Cover image for Mark of the beast : death and degradation in the literature of the Great War
Mark of the beast : death and degradation in the literature of the Great War
Bonadeo, Alfredo.
Personal Author:
Publication Information:
Lexington, Ky. : University Press of Kentucky, [1989]

Physical Description:
viii, 172 pages ; 23 cm
General Note:
Includes index.
Format :


Call Number
Material Type
Home Location
Item Holds
PN771 .B66 1989 Adult Non-Fiction Central Closed Stacks

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The First World War is a watershed in the intellectual and spiritual history of the modern world. On the one hand, it brought an end to a sense of optimism and decency bred by the prosperity of nineteenth-century Europe. On the other, it brought forth a sense of futility and alienation that has since pervaded European thought. That cataclysmic experience is richly reflected in the work of writers and artists from both sides of the conflict, and this study provides a detailed analysis of two basic themes -- death and degradation -- that mark the literature about the war.

From their accounts most men entered the war lightheartedly, filled with ideals of patriotism and glory, but these generous feelings were soon quelled as the war settled into a stalemate, its operations reduced to simply grinding away the opposing forces. In these operations, Alfredo Bonadeo shows, men became mere aggregations thrown against one another, wasted with no appreciable effects or gains, save carnage itself.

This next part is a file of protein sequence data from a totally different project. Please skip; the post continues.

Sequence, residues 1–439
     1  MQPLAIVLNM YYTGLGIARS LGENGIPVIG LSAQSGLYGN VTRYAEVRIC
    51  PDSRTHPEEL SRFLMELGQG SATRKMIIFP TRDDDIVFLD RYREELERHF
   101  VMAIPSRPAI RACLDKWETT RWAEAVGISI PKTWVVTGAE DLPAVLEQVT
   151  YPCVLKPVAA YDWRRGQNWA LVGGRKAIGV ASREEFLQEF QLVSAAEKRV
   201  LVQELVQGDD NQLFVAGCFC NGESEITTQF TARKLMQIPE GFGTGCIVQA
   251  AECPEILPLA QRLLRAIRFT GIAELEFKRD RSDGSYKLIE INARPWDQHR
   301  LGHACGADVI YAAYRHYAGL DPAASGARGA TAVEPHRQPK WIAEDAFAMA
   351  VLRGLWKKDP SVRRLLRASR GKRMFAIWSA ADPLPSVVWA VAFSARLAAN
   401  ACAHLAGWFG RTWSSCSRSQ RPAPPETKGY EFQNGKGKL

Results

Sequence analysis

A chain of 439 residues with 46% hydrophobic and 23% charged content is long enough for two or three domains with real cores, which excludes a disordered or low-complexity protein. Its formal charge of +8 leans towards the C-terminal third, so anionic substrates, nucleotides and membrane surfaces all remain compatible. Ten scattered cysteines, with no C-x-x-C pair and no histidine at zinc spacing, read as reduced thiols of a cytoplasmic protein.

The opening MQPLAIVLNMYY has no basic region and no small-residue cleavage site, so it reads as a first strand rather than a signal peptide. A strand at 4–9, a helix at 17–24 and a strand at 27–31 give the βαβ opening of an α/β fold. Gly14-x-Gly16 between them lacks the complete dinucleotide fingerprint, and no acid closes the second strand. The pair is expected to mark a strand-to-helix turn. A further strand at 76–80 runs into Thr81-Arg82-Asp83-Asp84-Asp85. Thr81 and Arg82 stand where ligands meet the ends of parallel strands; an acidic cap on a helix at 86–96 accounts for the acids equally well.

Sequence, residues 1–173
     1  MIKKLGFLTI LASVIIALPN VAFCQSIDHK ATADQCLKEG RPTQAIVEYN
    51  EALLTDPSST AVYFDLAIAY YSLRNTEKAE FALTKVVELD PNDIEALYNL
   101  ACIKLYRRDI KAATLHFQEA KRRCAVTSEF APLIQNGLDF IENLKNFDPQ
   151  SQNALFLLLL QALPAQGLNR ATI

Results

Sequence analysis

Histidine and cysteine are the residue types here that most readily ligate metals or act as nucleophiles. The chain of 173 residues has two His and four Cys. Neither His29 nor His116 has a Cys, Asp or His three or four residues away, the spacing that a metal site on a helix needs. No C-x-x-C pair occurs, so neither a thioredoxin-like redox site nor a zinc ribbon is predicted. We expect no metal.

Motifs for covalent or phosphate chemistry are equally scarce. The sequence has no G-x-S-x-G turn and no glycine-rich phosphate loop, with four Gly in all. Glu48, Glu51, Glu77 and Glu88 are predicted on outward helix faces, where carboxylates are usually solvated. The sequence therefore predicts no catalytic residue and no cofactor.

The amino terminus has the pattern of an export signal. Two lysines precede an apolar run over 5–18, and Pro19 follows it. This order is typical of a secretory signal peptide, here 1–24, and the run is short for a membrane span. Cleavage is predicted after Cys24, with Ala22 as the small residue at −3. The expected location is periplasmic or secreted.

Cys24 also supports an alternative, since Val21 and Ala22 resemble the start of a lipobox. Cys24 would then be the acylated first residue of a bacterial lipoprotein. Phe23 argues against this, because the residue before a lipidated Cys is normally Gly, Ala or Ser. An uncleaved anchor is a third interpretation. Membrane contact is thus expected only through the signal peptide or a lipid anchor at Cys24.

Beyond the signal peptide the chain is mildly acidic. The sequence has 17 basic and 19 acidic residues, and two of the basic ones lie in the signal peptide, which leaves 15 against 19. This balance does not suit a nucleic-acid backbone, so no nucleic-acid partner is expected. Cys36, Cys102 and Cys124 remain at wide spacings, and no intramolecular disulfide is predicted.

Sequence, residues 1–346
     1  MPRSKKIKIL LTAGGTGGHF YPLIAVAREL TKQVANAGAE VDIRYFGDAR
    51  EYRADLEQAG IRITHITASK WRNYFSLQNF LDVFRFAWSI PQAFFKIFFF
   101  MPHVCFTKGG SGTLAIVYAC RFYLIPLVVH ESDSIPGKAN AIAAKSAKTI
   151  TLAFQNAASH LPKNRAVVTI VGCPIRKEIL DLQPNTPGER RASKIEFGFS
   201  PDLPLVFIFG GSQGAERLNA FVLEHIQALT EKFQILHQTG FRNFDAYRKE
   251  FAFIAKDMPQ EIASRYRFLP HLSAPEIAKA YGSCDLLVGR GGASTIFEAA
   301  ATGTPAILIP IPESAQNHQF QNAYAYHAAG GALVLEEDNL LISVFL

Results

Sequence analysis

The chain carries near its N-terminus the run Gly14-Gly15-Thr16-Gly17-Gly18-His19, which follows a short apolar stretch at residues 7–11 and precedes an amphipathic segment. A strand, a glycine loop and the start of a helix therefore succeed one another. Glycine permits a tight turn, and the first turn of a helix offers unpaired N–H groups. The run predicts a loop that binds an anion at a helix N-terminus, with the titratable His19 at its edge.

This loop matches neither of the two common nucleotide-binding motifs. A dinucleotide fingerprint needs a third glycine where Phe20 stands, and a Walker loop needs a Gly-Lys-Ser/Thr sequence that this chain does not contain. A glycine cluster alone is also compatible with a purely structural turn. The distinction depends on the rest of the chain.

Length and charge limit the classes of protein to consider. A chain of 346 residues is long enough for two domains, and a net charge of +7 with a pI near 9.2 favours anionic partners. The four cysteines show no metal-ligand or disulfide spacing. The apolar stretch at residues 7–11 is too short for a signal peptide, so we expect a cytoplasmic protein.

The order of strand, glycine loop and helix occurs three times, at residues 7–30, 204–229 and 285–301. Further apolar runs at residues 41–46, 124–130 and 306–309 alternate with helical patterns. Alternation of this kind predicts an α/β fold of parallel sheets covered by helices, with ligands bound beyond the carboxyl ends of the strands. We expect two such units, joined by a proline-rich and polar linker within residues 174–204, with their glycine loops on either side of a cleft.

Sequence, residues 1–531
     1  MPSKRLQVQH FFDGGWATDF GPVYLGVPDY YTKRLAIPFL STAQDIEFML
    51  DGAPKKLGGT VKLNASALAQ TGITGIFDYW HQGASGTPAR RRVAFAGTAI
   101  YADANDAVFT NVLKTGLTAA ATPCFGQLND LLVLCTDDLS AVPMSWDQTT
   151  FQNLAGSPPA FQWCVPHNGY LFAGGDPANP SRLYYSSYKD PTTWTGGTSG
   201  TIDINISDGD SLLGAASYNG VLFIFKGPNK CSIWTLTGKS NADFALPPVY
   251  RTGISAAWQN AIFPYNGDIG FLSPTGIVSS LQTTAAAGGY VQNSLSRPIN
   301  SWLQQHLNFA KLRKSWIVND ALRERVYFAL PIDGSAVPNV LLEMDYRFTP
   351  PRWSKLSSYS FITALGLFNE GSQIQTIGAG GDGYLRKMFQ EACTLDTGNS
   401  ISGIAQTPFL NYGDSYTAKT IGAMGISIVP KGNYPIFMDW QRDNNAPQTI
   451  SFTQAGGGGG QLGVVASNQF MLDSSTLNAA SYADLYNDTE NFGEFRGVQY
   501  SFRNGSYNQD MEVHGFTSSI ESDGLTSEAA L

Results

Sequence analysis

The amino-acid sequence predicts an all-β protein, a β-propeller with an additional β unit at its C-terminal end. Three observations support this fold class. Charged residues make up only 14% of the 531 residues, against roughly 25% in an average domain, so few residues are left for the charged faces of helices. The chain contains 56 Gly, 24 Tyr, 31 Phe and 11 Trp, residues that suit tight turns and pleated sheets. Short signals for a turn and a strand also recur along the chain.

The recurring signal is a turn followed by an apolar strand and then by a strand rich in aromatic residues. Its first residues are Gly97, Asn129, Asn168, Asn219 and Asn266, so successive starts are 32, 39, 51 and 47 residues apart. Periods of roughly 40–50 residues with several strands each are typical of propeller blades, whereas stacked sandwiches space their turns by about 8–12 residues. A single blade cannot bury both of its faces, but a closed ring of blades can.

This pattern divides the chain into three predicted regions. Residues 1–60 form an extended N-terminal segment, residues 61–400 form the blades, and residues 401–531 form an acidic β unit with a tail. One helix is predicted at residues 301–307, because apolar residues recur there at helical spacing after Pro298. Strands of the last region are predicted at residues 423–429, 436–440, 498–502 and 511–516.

This cheapening and disregard for human life and being Bonadeo finds rooted not only in the conditions of war but, significantly, in a contempt for the common man prevailing in European political and intellectual circles. This attitude is revealed most plainly in his analysis of the Italian literature, which hitherto has received little note. Italian leaders saw the war as an opportunity to expiate a sense of national guilt, and here the inconclusive campaigns made their futility all the greater.

Out of the torn fields of the First World War grew the seeds of a second, greater conflict, but, Professor Bonadeo concludes, the flowering of the seeds was aided by the degradation of man's spirit on those fields. The grim focus of this book, the dead voices it evokes, leads to a new appreciation of the meaning of the Great War.

Author Notes

Alfredo Bonadeo is professor of Italian at the University of California at Santa Barbara.

Reviews 1

Choice Review

Bonadeo's study of the European literature emerging from WW I is particularly useful because of its emphasis on the Italian writing that the Great War produced. His reflections on Remarque, Barbusse, Drieu la Rochelle, and Junger are routine, but he ties Italian literature to the mainstream European themes in a very informative way. We tend to forget the extraordinary bloodbath that took place in the Appenines north of Venice, where the Italian, German, and Austrian armies destroyed each other. Bonadeo (University of California, Santa Barbara) points out the themes that help establish the Italian literary contribution to the horrible imagery of this first great technological war. The general theme is that WW I produced in literature nothing of a positive nature, and focused a generation of writers only on the destruction of the human spirit. Bonadeo is relentlessly grim in his analysis, as he prepares his readers for the next and inevitable carnage, WW II. The analysis is not profound, but this is a very readable account of the literary message of war at its worst. There is no redemption: only slaughter. This an easy book to read, particularly useful in a general-education context. -S. Gittleman, Tufts University